But, it did work and was far, far easier than I anticipated. So I will share what I did even though I just got lucky.
I've seen on a few American blogs, they use these machines called Silhouettes for cutting text out of plastic stickers to help you create signs.
There are three reasons I didn't go down that road.
1. They are expensive.
2. I don't know if you can get them here in the UK.
3. If I had one I wouldn't be able to work it as I'm technically challenged.
My way was simple and cheap.
Let's face it, if your window cost 20p, you don't want to have to spend hundreds on some fancy machine to make it look good.
I figured out what words I wanted on the window, and scrolled through a LOT of fonts. (Why do words look very wrong if you do this? 'Bakery' looked like it was in Russian!) I like to use several different fonts to make it more interesting.
We (okay, mostly my husband) ensured that the words would fit on the panes of glass.
If you use a program called Word Art you can make your words bend to add another dimension. However, this can distort the letters and look pants. Apparently.
I cut my word up and arranged the letters in a curve.
But before I did this, I flipped each letter/word over and traced it through to the back of the paper. This gives you a double sided word/letter. The back one being the reverse image.
You could print your text straight onto printer compatible tracing paper if you want to save yourself some time. We tried ordinary tracing paper and it made a right old mess.
You could also print out just the reverse image, BUT, it is easier to see how it's all going to look if you can actually read it. Trust me on this.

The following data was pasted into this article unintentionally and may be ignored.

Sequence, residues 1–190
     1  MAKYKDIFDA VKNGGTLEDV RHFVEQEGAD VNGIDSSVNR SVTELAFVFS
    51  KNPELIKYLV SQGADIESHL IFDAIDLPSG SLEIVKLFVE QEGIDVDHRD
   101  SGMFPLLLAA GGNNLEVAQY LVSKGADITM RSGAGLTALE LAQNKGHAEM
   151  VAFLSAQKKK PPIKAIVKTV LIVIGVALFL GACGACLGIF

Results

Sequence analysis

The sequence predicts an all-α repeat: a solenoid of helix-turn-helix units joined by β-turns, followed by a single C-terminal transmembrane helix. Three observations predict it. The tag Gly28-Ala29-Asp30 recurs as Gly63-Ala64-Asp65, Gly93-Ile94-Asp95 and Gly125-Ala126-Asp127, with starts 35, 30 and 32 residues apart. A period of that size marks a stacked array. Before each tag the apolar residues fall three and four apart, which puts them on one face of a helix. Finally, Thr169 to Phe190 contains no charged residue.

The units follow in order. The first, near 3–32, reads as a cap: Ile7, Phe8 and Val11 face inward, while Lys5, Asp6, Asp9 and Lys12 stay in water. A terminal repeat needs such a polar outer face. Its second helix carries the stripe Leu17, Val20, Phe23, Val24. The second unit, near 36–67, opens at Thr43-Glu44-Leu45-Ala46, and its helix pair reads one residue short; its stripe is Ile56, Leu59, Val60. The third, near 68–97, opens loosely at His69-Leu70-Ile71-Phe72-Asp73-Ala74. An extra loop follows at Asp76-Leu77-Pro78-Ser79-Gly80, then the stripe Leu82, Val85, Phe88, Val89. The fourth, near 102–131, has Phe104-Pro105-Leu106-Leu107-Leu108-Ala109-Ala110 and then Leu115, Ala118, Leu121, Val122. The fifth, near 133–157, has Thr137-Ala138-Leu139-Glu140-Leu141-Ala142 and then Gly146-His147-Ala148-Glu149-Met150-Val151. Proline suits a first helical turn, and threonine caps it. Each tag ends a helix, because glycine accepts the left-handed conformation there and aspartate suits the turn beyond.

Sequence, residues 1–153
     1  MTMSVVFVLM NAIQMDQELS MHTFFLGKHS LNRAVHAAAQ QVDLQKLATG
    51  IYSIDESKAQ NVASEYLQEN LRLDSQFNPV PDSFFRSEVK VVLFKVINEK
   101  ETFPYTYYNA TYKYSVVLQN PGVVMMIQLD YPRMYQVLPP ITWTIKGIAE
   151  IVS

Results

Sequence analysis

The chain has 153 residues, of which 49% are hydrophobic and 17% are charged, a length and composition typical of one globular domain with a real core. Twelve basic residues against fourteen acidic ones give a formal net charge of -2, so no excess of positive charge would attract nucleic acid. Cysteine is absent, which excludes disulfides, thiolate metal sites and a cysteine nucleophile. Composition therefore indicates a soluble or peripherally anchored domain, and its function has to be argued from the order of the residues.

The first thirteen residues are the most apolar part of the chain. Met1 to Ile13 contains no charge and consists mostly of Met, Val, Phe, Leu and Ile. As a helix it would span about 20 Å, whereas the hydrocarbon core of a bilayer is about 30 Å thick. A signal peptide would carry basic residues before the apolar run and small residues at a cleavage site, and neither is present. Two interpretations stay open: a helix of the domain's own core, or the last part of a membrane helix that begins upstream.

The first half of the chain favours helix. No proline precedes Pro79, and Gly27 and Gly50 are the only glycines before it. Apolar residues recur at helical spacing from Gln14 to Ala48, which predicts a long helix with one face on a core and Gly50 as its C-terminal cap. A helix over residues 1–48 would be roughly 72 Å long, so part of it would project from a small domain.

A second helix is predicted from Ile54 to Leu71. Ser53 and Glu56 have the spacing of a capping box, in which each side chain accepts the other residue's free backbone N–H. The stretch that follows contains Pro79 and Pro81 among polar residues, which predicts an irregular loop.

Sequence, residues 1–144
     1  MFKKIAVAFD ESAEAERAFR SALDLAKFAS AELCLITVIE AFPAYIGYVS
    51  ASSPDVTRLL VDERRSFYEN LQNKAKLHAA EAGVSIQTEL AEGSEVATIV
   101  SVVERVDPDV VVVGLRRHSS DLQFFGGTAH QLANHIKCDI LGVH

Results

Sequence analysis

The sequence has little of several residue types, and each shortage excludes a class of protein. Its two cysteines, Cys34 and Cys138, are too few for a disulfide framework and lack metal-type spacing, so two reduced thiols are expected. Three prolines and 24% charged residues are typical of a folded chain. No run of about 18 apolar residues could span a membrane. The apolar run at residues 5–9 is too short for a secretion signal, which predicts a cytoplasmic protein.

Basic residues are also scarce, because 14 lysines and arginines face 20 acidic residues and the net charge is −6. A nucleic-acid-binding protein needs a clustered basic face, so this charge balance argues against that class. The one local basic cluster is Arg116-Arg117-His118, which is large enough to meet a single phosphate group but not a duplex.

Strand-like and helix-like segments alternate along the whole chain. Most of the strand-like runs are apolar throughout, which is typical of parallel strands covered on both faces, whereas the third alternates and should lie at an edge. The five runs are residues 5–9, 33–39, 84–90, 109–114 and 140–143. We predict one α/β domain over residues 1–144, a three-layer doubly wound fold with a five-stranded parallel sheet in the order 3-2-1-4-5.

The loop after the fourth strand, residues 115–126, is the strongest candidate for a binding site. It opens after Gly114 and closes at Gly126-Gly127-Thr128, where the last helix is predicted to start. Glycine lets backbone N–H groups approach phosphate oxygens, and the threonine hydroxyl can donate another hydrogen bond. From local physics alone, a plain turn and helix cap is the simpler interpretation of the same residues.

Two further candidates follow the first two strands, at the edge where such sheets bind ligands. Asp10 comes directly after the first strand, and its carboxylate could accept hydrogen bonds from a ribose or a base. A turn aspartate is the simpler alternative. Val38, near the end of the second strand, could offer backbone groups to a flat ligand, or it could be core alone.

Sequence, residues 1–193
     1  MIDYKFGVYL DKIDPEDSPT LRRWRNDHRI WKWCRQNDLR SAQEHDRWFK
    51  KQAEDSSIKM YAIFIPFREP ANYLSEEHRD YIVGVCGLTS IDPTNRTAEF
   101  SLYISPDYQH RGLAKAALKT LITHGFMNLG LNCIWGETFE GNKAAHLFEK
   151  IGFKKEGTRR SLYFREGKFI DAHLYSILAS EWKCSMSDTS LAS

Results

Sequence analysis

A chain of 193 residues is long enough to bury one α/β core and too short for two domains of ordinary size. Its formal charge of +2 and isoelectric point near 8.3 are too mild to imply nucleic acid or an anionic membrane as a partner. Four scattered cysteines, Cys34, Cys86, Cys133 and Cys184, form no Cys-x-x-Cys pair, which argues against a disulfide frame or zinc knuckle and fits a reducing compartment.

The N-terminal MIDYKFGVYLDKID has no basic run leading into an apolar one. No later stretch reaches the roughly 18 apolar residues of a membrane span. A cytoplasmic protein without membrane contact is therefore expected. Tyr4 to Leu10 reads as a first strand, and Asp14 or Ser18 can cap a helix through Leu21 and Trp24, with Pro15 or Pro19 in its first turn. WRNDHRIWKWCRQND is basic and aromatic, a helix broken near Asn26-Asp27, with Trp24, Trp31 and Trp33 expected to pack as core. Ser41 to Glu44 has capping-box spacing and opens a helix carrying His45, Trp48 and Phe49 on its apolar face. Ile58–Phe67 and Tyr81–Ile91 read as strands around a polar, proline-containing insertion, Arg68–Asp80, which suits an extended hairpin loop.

So, on the reverse of the window you have this...
Make sure those letters are securely taped to the glass on the front and you're ready to paint on the back.
And here's where it gets super easy. Because you don't need to paint at all.
I was thinking of using my blackboard paint for this as I use that for doing lettering on my crates. But I popped into the Art shop in town and asked what they had for writing on glass.
The lady showed me these pens...
They are Zig Posterman Waterproof pens. They come in many colours and nib sizes. They are just like using gold and silver pens. You give them a shake and pump the nib a few times.
What I like about them is that they are completely opaque so you need only do this once. They are waterproof when dry but you can wipe off mistakes whilst they're wet. They are designed for permanent writing on chalk boards, windows, mirrors and ceramics. You don't need to cook your window in the oven to harden the paint. Which is good. And they are only £2.99. (I used the extra fine nib.)
So where were we? Ah yes, the reverse letters on the reverse side of your window. You just go over your traced outline and colour it all in. Simple as that. The ink dries in minutes. If you stuff it up, just wipe it with a finger or something more sensible whilst it's wet. The writing is done on the reverse of the glass to keep the front shiny and more authentic.
|Told you I had man hands.|
Turn it over and pull off your bits of paper and admire your handiwork. If you can colour in, you can do this. Couldn't be simpler!